Treating Leukemia without Chemotherapy

Treating Leukemia without Chemotherapy | HealthSoul

Chemotherapy has long been the primary treatment option for those battling various cancers, including leukemia. While a proven tactic in treating the condition, chemotherapy is accompanied by numerous side effects and is known to lessen the recipient’s quality of life. It is, by definition, a necessary evil for many patients.

For those with chronic lymphocytic leukemia—one of the most common forms of the disease—chemotherapy is not unusual. However, a recent announcement in the United Kingdom has doctors and patients alike feeling hopeful for a future free of chemotherapy.

A new targeted treatment has been approved for adults with chronic lymphocytic leukemia that is untreated. This regimen, which is called venetoclax plus obinutuzumab, is a first-line treatment alternative to chemotherapy, giving those with the common form of leukemia a welcomed second option.

The National Institute for Health and Care Excellence made the announcement of this approval in November of 2020.

Treating Leukemia without Chemotherapy

More on the Treatment

More thorough understandings of human biology and the massive strides made in medical science have created a new type of treatment. Targeted treatments, which offer personalized therapy without the necessity of chemotherapy, rely on tumor biology and microenvironment knowledge to provide this new form of care.

What this means is that certain forms of leukemia, such as the common chronic lymphocytic leukemia, are seeing significant strides in targeted treatment, while others, such as acute myeloid leukemia, are lagging behind in this regard.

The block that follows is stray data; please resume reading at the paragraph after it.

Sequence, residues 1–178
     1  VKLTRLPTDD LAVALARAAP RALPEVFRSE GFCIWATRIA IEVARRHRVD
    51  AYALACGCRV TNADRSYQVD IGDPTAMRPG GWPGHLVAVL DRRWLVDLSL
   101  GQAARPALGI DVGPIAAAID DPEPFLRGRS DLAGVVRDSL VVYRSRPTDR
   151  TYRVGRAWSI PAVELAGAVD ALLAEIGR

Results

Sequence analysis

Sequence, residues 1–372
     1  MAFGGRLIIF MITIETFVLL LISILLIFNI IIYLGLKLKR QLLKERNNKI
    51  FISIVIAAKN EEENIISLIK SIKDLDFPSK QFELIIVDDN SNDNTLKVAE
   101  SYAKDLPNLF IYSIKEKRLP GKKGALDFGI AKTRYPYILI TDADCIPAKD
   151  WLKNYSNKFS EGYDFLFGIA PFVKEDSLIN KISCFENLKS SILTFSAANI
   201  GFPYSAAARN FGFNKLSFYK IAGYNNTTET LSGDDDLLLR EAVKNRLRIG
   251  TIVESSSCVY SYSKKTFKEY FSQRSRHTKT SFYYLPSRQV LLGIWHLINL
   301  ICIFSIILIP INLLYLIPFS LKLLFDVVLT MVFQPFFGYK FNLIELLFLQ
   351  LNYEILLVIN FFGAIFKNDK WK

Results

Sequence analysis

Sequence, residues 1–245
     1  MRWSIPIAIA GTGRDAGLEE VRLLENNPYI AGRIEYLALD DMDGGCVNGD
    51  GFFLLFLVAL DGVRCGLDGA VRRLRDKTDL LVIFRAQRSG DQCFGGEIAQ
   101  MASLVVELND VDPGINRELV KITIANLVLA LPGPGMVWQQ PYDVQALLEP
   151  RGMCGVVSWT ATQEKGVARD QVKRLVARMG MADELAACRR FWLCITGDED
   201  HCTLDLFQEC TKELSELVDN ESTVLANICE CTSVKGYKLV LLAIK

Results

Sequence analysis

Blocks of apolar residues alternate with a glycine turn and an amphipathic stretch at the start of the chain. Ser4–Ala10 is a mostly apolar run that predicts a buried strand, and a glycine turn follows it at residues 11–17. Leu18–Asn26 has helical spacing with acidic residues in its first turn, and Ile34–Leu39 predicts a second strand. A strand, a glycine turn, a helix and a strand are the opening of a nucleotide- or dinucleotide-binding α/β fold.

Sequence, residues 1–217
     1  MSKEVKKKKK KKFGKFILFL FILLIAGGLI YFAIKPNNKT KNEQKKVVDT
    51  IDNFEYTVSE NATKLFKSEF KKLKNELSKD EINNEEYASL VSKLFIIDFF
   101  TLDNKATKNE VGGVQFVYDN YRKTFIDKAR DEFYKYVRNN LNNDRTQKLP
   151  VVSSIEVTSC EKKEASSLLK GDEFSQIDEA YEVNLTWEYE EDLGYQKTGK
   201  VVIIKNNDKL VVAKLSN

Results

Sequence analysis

However, the advancements made in medical science regarding targeted treatment, including the many trials that have been conducted with positive results, have established a foundation on which to build. Other forms of leukemia—and cancer in general—will likely benefit from these developments in the years to come.

What it Means

Personalized treatment, especially in relation to hematology, is set to redefine what medical treatment looks like in the new decade. With several breakthroughs already shifting treatment methods and several more undoubtedly on the way, now is an exciting time for doctors, patients, and researchers.

Advances in cytogenic analysis have and should continue to contribute to these strides. So, too, should cell-based treatments. All of these improvements hold great promise and signal tremendous hope for targeted therapies that will give patients better prognoses and a higher quality of life.